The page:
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Husband, father, grandfather, friend...a few of the roles acquired in 62 years of living.  I keep an upbeat attitude, loving humor and the singular freedom of a perfect laugh.  I don't let curmudgeons ruin my day; that only gives them power over me.  Having experienced death once, I no longer fear it, although I am still frightened by the process of dying.  I love to write because it allows me the freedom to vent those complex feelings that bounce restlessly off the walls of my mind; and express the beauty that can only be found within the human heart.

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Tuesday, June 05, 2007

The Worst Hard Time*

Black Sunday
Dodge City, Kansas
Ford County Historical Society, Dodge City, KS

*Book Review, Amazon.com

Copyright © 2007 by Ralph Couey
Written content only
The Dust Bowl.

Those words describe a catastrophic era in American history. More than that, they convey a sense of hopelessness, the oppressive cloud that drifted through the lives of people already laid low by the depression. The years between 1930 and 1938 saw record drought and heat, this on the heels of wild undisciplined land management, saw the soil of the central plains take flight on the winds, and along with the soil, the dreams and hopes of the people.

As the greatest generation ages and passes from this life, the memory of those years has begun to fade from our collective consciousness. Today, when people think of The Dust Bowl, they think of an unparalleled assault on humans by nature. Very few understand that the cause lay mostly with poor farming techniques and speculation agriculture that left the soil open to the incessant winds. And fewer still can speak with any intelligence of the cost in human lives.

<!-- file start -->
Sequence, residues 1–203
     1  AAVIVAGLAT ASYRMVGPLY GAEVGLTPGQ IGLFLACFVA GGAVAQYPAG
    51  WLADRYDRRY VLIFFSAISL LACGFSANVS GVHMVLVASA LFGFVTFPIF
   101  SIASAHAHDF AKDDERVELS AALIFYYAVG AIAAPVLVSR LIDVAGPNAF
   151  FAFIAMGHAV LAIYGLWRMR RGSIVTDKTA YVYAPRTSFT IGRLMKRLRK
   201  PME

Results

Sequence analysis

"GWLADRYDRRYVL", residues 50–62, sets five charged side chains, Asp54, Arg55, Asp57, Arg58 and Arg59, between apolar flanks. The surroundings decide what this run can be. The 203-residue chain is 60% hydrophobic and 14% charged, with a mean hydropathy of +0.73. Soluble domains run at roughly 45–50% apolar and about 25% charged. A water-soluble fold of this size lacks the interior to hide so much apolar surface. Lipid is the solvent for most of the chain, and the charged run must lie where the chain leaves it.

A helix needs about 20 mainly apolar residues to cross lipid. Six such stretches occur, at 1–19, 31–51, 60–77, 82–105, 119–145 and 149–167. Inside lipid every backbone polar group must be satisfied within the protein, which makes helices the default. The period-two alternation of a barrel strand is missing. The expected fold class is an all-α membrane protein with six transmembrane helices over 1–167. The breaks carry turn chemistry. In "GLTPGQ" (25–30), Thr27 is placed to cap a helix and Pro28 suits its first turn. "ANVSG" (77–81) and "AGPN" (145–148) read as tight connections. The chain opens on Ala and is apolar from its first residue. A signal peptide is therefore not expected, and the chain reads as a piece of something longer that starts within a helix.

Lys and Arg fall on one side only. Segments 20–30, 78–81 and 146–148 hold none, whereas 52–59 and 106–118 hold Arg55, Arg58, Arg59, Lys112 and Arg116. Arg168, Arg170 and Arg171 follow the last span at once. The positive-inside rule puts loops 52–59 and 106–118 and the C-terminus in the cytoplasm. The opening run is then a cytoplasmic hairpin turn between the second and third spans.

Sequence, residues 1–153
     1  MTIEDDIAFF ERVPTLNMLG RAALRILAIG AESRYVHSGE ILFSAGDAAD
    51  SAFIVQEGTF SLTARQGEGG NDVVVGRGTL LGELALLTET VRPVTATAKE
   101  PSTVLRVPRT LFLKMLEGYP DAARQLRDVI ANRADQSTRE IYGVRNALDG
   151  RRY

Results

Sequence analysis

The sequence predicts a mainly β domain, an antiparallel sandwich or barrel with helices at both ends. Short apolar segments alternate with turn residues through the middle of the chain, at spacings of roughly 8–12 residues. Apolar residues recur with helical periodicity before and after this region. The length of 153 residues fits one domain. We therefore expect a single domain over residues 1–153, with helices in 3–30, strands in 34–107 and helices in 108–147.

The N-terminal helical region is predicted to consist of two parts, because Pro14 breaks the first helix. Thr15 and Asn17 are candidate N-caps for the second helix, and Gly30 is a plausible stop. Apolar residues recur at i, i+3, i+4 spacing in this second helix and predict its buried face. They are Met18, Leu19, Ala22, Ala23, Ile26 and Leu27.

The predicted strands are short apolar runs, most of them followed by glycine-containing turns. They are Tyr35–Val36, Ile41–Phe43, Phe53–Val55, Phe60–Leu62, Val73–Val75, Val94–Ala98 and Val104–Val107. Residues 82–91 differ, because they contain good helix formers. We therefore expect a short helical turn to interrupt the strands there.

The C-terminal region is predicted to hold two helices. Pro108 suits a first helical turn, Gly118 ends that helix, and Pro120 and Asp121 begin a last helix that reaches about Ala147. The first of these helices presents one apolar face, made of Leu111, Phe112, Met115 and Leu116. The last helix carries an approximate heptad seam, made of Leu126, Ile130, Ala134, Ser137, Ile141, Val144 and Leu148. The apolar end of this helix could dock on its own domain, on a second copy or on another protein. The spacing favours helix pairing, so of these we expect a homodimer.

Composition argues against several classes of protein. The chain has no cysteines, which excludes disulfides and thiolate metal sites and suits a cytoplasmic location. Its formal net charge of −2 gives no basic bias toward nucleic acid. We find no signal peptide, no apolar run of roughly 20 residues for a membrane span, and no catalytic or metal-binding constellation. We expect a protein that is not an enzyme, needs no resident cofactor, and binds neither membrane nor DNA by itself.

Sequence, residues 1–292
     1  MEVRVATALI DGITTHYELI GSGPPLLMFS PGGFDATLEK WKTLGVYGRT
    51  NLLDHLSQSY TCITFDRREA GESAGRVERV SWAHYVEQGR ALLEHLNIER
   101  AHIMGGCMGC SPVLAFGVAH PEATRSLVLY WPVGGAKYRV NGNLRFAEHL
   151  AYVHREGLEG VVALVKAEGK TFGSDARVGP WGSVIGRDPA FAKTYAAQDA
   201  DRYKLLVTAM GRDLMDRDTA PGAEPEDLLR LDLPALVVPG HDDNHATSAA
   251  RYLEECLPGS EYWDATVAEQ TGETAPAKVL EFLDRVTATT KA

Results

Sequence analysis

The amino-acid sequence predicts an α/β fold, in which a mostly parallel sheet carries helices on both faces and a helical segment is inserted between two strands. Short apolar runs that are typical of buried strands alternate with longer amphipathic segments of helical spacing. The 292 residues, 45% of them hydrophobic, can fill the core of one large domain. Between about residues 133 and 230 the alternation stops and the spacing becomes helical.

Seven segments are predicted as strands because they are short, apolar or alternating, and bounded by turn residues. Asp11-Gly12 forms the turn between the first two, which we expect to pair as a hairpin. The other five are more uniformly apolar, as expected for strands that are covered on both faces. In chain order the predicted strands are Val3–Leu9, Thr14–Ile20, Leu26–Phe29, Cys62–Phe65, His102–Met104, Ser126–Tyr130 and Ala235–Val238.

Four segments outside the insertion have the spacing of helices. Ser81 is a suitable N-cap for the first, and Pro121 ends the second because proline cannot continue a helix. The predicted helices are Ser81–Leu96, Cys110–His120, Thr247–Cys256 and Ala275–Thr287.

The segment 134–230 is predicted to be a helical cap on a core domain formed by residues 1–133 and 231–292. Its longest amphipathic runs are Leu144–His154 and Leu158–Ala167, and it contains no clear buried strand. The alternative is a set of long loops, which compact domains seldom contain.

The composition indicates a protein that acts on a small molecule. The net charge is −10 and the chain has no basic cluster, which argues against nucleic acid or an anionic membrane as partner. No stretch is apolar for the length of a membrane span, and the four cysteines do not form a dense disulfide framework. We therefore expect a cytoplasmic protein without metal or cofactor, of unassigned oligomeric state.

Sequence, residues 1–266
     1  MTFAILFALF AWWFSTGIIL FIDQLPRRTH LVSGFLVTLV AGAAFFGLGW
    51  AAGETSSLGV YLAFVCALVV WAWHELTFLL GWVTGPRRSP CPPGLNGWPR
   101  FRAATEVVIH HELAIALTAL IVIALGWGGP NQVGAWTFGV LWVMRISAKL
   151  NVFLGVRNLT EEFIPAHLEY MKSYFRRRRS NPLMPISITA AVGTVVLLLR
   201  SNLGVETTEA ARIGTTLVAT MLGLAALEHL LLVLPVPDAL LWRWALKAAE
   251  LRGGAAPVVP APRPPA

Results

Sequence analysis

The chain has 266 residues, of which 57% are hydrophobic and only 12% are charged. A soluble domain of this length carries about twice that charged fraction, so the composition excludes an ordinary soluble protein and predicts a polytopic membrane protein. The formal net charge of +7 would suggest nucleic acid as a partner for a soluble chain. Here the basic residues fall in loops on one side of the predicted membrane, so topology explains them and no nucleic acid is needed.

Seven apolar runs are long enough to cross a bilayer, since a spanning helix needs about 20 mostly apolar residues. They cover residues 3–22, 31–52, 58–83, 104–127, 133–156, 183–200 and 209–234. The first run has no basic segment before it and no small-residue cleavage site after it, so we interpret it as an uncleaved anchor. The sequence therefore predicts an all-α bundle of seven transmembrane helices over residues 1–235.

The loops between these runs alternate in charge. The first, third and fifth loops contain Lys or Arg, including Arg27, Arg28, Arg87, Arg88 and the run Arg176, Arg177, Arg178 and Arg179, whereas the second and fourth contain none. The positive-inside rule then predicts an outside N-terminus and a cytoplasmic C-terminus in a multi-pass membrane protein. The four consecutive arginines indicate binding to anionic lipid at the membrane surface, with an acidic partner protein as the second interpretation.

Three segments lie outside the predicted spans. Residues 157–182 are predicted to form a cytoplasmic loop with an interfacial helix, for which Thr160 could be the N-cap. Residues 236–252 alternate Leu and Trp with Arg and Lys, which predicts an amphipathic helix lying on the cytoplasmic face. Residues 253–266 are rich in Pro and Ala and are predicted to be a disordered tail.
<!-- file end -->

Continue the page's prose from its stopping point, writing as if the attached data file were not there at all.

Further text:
Timothy Egan, a reporter for the New York Times authored a book entitled “The Worst Hard Time.” It is a history of those years, true. But Egan goes deeper into the human tragedy and at the end of his 312 pages the reader not only understands the historical events, but acquires a seemingly personal relationship with the individuals and families who were made to suffer.

In the introduction, we meet three survivors, Ike Osteen, Jeanne Clark, and Melt White. Through these folks, we see not only the human cost of those years, but also the essential toughness and spiritual invincibility that got them through those years, characteristics far less common in modern America. It’s White that nails the be-all and end-all of explanations for the cause of the Dust Bowl:

“God didn’t create this land around here to be plowed up. He created it for Indians and buffalo. Folks raped this land. Raped it bad.”

There it is; the raw, naked truth. In a region where drought is common and cyclical, you don’t expose thousands of acres of topsoil to the implacable force of the incessant winds.

Egan’s description of the larger disaster is stunning enough. One hundred million acres affected; the complete collapse of the farm economy; Dust storms 10,000 feet high and miles wide turning the skies a fearful black; and two-and-half million Americans fleeing the disaster only to be branded with the pejorative term “Okies” and subject to an utterly ruthless exploitation that wounds the heart of anyone with a sense of justice.

People complain about the perceived slow response of the federal government to Katrina, because aid took days to arrive. In the Dust Bowl, government sat idle for years, allowing thousands to die, a neglect that is still marked on the people and the land today.